The carrier says that a totaled food truck, which is two years old and has driven 22,000 miles, has depreciated over 30%. It bases the price on a "market survey." Can the insured dispute the appraisal based on actual physical depreciation?
The insured is a food service company using large delivery trucks made for their industry. The vehicle operating hours are more delivery than hauling, so the mileage is uncommonly low. These vehicles have an exceptional life expectancy given their low mileage.
A unit, around two years old with 22,000 miles on the odometer, was totaled. It cost six figures when new but the carrier's offer has depreciated the unit over 30%. This type of vehicle—if used for different purposes—would be driven hundreds of thousands of miles through the course of its life. It is my understanding similar vehicles come with two-year and 250,000-mile warranties.
The carrier has obtained a "market survey" as the basis of their price. That apparently is their basis for the settlement offer.
Q: Can the insured dispute the actual cash value appraisal due to the food truck's low mileage and base the value on actual physical depreciation rather than a market survey? Also, where can the insured order an appraisal?
Response 1: The ACV of an automobile or truck is not the replacement cost less physical depreciation but its fair market value. That is, what a willing buyer would pay a willing seller for that truck in the condition that it was in prior to the destruction.
Determining that value for a unique item is often difficult and takes some expertise. That is why policies include an appraisal provision that can be invoked by either the insured or the insurer. The appraisal provision states that each party—insured and insurer—will select a representative and they will, in turn, select a neutral umpire. That group of three will determine the value of the vehicle that is binding on both the insurer and insured.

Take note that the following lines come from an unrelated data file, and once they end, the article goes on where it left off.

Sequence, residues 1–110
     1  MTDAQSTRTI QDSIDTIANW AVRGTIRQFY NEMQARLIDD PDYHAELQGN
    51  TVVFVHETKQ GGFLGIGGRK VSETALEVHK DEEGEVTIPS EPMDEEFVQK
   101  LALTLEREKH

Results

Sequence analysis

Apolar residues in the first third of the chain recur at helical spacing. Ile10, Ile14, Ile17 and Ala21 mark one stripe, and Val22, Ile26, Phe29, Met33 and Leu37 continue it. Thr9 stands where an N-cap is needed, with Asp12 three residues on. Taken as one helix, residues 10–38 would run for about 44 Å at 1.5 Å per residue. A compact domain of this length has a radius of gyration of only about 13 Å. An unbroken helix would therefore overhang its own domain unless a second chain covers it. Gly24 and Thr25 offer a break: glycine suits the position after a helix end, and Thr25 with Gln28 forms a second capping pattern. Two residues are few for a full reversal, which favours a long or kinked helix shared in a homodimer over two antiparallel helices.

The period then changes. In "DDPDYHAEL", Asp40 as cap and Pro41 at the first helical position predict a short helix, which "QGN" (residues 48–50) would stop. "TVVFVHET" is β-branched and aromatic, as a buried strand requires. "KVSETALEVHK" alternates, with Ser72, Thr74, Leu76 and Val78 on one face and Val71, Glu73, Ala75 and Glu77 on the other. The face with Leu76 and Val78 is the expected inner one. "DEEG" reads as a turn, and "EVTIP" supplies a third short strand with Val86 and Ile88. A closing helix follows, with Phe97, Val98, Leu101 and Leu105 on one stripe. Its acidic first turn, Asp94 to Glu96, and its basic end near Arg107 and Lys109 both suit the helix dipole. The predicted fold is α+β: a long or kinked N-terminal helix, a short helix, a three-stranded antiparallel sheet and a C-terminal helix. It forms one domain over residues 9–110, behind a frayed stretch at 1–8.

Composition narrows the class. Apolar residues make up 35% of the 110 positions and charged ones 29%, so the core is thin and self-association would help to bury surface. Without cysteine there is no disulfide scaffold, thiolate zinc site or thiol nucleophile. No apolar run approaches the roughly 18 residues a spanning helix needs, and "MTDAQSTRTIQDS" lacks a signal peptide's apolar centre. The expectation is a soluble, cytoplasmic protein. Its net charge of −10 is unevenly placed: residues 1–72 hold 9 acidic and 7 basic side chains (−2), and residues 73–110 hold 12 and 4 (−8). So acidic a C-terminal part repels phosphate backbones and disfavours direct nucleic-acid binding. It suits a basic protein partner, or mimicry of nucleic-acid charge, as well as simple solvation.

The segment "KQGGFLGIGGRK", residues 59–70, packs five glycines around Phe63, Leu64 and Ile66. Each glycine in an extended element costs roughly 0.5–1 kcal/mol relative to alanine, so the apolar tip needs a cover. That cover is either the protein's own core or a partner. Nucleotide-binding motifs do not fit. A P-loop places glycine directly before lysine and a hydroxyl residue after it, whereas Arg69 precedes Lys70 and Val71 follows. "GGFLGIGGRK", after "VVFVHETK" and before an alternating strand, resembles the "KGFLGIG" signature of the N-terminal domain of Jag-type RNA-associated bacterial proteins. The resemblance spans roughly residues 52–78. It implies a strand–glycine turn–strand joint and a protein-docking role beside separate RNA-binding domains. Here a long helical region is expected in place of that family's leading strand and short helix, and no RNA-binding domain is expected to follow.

If you think the insurer is wrong in its valuation, the appraisal provision is your insured's remedy. I suggest you consider the appraisal provision.
Response 2: I would remind the carrier that ACV is not defined. The industry definition is today's replacement cost less depreciation. We do use a straight depreciation, but that is also tempered with the age, obsolescence, use and condition of the property. A general survey will not give them accurate numbers.
Response 3: Have you tried Nada and Edmunds for ACV valuations that may be more appropriate? They may be using another much lower valuation site.
Response 4: Ask the client's certified public accountant about the depreciation claimed. Did the client write-off 30% depreciation on tax forms? That gain in theory could sync up with the insurer write-off.
Can the insurer locate a similar unit of like kind, quality and condition in the market? If so, is that the price of that unit? That is typically what the insurer will pay.
Response 5: Market value—what a willing buyer would have paid for the truck—is the common measure of ACV for vehicles. Mileage is always a big factor in vehicle resale value. Insurers and valuation services typically find comparable sales and use those to determine value.
The comps they are using from their market survey should be reviewed. Did they have similar mileage? If not, what kind of adjustment was made for lower mileage? Truck dealers can be consulted for their opinions on what a similar low mileage truck would have sold for. And the insured can look for comparable trucks with low mileage to see what it would cost them to find something similar.
Response 6: What is the expected life in terms of service as in years compared to mileage? I would reach out to management on this issue. Since this is food delivery, I am presuming the box portion is recoverable as that may be a significant aspect of the valuation. That leaves the chassis to be assessed for value.
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